On Sunday morning, I tried to read the texts I’d received throughout the night, but my phone wouldn’t respond. I panicked, pushing all the buttons again and again, turned the phone on and off, pushed more buttons, and slowly resigned myself to the reality that all my phone will ever let me do anymore is scroll through my contacts. I emailed my parents, and they told me that since I’ve had my phone for so long, I can basically get a new iPhone for free.

The sales representative asked if I wanted to transfer my contacts while he pushed a bunch of keys on the new phone. I thought about the phone numbers I have written down on a notecard on my desk: It has all the numbers I dial a lot, plus a few I didn’t feel like I had the right to call but did anyway. If I said no to this transfer, all I’d have were the numbers on that card.

“Um, like, I don’t know—I, like, probably have what I need I guess. Sorry?”

“It’ll take no time at all.”

My mind started spiraling. Should I take the transfer? I wondered. Did I even want to talk to any of the other people on my contacts list? Most of them were people I only know because we did an English project together, or because they used their ID to get me a drink, or because we were friends in 10th grade, when I got the phone.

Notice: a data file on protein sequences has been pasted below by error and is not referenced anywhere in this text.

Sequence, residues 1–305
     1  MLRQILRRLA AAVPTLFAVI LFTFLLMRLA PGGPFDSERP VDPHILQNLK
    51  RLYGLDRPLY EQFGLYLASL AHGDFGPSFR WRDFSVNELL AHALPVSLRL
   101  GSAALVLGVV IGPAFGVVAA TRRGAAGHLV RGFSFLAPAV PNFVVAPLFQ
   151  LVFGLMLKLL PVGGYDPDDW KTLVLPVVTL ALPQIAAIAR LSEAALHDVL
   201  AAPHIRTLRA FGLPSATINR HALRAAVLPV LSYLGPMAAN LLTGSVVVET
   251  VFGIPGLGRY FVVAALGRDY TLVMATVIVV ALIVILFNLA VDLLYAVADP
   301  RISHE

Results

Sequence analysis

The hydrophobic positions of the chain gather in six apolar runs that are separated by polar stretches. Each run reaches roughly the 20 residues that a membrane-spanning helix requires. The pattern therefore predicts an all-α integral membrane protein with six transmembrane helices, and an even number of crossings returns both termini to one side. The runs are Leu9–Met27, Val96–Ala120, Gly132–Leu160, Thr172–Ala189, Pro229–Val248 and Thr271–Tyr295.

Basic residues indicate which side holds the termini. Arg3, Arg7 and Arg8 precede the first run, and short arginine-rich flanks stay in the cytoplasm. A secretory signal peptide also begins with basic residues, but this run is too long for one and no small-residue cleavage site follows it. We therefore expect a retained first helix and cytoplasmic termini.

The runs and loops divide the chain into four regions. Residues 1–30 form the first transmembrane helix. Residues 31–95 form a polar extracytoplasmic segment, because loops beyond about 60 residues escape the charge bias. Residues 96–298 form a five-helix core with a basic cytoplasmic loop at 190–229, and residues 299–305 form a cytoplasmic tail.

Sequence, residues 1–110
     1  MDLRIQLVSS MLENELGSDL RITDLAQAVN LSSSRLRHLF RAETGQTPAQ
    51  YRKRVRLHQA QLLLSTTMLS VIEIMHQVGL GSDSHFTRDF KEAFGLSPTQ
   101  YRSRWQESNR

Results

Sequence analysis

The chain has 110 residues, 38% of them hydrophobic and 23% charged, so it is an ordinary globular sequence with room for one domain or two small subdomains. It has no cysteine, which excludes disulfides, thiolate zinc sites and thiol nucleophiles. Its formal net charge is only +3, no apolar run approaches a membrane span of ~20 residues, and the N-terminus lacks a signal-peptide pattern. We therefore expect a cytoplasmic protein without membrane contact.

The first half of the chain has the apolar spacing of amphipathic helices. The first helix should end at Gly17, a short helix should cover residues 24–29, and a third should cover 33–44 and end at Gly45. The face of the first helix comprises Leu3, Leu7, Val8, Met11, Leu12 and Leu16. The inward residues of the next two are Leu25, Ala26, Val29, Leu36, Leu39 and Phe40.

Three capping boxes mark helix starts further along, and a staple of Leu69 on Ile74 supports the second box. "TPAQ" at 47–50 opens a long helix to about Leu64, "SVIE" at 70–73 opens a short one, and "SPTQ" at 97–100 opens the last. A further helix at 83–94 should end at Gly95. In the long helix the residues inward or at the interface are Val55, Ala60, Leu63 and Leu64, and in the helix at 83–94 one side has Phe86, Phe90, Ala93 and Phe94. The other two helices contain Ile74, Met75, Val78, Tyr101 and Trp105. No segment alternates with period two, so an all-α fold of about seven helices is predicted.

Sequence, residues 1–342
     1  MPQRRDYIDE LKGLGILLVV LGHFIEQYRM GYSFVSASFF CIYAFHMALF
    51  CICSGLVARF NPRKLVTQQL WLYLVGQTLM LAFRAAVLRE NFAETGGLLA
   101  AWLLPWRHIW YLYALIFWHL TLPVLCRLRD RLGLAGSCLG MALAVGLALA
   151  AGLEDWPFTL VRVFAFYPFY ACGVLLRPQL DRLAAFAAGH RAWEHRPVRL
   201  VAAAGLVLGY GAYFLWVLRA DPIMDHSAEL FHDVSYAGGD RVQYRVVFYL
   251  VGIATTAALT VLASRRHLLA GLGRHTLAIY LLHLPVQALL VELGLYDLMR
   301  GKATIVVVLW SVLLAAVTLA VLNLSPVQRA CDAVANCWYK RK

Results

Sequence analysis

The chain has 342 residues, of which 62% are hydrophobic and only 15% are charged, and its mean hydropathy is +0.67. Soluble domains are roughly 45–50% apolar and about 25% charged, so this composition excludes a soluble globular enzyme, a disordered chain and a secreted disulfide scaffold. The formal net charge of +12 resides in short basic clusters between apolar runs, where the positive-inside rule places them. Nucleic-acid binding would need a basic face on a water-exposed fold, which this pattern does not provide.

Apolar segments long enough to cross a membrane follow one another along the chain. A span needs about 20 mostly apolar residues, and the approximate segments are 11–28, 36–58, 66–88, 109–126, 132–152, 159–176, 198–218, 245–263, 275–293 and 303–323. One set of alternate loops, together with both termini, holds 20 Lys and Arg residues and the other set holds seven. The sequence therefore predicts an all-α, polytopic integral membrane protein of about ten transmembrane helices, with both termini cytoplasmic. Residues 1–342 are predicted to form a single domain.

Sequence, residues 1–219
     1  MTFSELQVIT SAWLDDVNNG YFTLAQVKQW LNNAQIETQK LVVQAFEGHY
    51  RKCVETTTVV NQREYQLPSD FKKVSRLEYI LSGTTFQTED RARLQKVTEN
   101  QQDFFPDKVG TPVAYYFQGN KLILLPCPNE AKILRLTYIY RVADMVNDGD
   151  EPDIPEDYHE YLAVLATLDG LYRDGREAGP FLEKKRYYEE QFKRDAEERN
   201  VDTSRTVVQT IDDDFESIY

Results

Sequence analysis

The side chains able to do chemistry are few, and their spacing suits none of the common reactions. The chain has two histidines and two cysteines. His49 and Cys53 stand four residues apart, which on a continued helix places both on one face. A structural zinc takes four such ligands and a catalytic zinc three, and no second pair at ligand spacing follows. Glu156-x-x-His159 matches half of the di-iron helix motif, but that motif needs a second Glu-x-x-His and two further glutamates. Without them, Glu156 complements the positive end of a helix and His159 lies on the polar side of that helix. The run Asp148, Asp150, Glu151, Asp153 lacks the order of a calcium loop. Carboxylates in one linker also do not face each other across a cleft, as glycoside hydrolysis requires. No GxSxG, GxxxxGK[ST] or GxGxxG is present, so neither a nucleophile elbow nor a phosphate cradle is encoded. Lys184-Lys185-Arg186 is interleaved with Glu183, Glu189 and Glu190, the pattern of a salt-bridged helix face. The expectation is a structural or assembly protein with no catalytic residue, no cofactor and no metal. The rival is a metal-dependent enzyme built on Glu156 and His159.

“Dude,” the guy says, “it’s not a big deal.”

“NO. I don’t want it…I don’t want to. I’m sorry.”

So now I have an iPhone, and my brother’s texts come in gray bubbles of varying sizes instead of uniform white boxes. When I read my brother’s texts on my old phone, I could hear his voice in my head, but I can’t do that with the gray bubbles. We haven’t texted as much since I got the new phone.

My world is small right now, and it feels weird. I feel unsure about how I act around people. Even though I should be freaking out that I’m still behind in my schoolwork and my mind feels like hot wet cotton from spending long stretches of time trying to speed-read books (and then using Spark Notes anyway because I read too fast to retain anything), I freaked out about the new phone more. It’s just this stupid, obvious metaphor for moving to a strange place and having to let go of your old life and the relationships that used to define you, and replacing them all with something new.

I hate that my family will read this and think that I’m a total negative bummer zone. This is just what being in a new place for the second year in a row feels like. Everything’s cool—it just takes time. ♦